Supporting care home residents and staff during COVID-19

5 June 2020

Working with health and social care colleagues

Continuity of care and a holistic, person-centred approaches are core qualities of GP care.

These are of particular value for our most vulnerable patients, including those who live in residential and nursing homes.

GP practices have responded extremely rapidly to the COVID-19 challenges, adopting new ways of working to minimise risk to care home residents and for clinical teams.

Many practices have introduced regular, virtual 'ward rounds' and video discussions with care home staff, which care home providers welcome.

These contacts are valued at times of such significant change and uncertainty.

RCGP support

The College has published Top Tips for GPs Caring for Care Homes.

This guidance captures examples of excellent practice that have emerged, including new approaches to the delivery of safe and effective GP care, as well as supporting care home staff in the challenges they face, such as:

  • the appropriate use of personal protective equipment
  • testing arrangements
  • the challenges of maintaining isolation for suspected and confirmed cases of COVID-19 in the care home setting.

Communication

This is a complex environment with multiple partner organisations engaged to provide support and advice and to ensure the quality and safety of the services provided.

In order to affect the best outcomes, we need to understand this wider network and the roles and responsibilities of those involved. The importance of good communication is a recurrent theme in this context.

Digital technology is enabling dialogue between multiple partners and allowing these relationships to develop.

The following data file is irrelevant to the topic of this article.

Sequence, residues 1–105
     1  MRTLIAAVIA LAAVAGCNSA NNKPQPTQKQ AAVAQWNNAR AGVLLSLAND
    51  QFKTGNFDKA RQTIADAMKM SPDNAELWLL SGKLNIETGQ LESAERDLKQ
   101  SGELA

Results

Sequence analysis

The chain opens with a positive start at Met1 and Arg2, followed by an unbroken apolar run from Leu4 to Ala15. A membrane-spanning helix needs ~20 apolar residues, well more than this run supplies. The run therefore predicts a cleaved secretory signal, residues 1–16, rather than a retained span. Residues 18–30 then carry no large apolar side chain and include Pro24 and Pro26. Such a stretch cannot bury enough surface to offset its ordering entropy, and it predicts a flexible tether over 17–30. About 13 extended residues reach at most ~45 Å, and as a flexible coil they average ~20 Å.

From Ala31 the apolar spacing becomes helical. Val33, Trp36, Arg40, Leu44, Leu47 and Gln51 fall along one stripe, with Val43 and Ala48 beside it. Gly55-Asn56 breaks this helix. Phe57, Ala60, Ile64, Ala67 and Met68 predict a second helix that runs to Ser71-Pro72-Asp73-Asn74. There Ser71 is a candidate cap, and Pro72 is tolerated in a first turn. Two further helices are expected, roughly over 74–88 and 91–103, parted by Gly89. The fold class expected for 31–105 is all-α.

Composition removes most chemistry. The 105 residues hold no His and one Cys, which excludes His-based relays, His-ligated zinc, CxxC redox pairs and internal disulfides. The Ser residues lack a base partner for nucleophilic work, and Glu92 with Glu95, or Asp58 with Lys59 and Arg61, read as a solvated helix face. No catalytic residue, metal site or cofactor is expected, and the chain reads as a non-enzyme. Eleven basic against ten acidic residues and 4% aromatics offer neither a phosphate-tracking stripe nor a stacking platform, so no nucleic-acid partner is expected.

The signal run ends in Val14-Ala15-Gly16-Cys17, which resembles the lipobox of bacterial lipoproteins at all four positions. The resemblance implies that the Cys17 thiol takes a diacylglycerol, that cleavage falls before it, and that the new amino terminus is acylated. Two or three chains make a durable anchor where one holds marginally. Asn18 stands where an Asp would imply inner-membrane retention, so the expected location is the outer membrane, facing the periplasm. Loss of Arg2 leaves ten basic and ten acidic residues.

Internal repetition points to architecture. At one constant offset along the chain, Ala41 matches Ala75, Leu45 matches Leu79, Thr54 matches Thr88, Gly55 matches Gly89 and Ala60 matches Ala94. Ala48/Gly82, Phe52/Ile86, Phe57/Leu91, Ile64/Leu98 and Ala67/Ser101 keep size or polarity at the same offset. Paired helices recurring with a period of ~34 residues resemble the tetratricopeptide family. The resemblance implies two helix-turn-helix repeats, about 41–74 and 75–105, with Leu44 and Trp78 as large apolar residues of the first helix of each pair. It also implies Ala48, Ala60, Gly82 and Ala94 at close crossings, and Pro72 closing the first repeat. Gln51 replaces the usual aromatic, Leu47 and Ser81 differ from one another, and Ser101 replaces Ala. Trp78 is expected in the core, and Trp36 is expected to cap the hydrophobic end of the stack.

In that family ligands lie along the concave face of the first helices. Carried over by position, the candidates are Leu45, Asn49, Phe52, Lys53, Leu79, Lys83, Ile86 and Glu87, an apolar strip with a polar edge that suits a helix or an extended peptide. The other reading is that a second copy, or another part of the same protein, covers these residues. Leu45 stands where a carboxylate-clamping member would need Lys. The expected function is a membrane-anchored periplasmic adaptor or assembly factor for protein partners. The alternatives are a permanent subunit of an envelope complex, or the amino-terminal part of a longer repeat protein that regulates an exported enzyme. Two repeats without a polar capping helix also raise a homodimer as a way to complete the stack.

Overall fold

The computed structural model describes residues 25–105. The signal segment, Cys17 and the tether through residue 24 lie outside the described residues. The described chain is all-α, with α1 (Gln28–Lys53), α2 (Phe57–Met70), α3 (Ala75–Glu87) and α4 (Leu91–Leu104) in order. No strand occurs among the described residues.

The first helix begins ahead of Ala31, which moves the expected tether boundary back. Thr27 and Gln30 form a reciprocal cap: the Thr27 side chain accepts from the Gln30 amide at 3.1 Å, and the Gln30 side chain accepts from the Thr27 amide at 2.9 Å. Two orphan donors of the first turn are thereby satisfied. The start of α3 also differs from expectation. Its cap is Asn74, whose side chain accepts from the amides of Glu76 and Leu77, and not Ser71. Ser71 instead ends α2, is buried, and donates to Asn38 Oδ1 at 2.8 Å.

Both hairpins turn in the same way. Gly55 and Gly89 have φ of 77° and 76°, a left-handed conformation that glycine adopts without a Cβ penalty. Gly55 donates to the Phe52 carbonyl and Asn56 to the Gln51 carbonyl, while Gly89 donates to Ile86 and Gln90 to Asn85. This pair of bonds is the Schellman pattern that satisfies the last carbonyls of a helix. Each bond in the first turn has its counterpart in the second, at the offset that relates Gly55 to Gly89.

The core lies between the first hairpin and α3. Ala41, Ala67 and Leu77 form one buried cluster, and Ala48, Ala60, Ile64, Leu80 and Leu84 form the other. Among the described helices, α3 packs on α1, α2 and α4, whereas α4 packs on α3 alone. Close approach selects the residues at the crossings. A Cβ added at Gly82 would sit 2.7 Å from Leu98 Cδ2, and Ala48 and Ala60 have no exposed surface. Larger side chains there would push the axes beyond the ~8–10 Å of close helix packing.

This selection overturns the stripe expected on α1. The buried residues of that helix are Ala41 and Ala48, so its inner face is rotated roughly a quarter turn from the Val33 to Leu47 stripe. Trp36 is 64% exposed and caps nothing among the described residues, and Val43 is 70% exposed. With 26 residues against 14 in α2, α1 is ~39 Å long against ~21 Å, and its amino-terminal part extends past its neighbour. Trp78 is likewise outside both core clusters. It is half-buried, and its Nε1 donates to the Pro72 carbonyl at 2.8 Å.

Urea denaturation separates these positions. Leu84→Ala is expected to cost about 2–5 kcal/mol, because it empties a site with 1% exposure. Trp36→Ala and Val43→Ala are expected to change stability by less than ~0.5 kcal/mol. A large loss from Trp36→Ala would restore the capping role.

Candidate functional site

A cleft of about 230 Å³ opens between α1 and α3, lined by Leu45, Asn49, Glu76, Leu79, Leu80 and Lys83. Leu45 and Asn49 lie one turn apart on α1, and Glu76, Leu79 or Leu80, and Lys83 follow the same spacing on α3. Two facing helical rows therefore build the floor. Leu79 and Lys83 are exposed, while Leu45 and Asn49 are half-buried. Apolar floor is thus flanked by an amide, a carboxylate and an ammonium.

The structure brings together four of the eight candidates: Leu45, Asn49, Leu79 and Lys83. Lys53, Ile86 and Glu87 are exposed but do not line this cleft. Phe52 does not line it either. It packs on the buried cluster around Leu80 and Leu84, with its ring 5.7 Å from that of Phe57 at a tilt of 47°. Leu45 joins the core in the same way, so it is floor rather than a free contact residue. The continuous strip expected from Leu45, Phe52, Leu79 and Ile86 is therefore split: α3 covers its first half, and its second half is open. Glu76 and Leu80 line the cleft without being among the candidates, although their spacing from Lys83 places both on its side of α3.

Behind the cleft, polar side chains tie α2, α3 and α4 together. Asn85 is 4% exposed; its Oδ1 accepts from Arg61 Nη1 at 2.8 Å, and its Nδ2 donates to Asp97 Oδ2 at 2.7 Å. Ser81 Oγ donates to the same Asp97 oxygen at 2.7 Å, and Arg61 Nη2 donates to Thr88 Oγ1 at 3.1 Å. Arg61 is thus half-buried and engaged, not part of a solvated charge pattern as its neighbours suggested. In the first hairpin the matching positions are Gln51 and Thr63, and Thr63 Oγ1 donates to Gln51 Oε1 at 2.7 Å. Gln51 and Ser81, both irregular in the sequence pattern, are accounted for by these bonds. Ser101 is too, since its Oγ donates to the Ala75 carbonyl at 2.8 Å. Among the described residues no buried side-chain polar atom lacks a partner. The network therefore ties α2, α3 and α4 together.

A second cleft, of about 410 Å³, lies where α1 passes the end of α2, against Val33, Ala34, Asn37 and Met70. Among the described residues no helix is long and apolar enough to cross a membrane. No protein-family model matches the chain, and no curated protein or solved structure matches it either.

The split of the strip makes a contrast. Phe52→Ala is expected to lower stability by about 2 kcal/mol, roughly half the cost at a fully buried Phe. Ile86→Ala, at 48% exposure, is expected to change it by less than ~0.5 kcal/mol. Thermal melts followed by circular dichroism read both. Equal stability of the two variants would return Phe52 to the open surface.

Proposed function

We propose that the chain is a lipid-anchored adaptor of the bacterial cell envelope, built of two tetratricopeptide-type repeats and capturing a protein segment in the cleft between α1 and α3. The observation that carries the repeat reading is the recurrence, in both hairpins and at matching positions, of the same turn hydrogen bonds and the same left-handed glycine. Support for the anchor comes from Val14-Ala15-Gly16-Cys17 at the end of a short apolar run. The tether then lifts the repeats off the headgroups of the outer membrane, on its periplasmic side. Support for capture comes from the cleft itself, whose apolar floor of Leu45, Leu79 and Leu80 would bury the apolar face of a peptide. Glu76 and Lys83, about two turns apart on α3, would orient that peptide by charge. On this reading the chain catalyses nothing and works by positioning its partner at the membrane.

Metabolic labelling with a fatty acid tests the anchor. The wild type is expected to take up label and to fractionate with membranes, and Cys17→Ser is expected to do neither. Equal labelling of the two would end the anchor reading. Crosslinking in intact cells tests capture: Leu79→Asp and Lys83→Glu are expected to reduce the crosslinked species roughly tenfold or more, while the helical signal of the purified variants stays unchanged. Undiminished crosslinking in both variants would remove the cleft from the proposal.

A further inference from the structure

A collective response to the challenges faced, provides significant reassurance to the care home teams who are often working in very difficult circumstances.

These are difficult times, but this strengthened and more coordinated support for some of our most vulnerable patients may be one of the most positive outcomes of the COVID-19 response.


Post written by

Doctors Karen Gully, Shanti Karupiah, Tom Kneale and Suzanne Thickens

Dr Karen Gully is a Clinical Director in Primary Care in Aneurin Bevan University Health Board and Quality Lead for RCGP Wales. She supported the RCGP Advocate Programme through which local GPs worked with health boards to highlight the work of the College and the educational and research resources that it provides.

Dr Shanti Karupiah, Dr Tom Kneale and Dr Suzanne Thickens held advocate roles in Swansea Bay, Betsi Cadwalladr and Aneurin Bevan University Health Boards respectively and all retain an interest in quality improvement initiatives arising from the COVID-19 situation.

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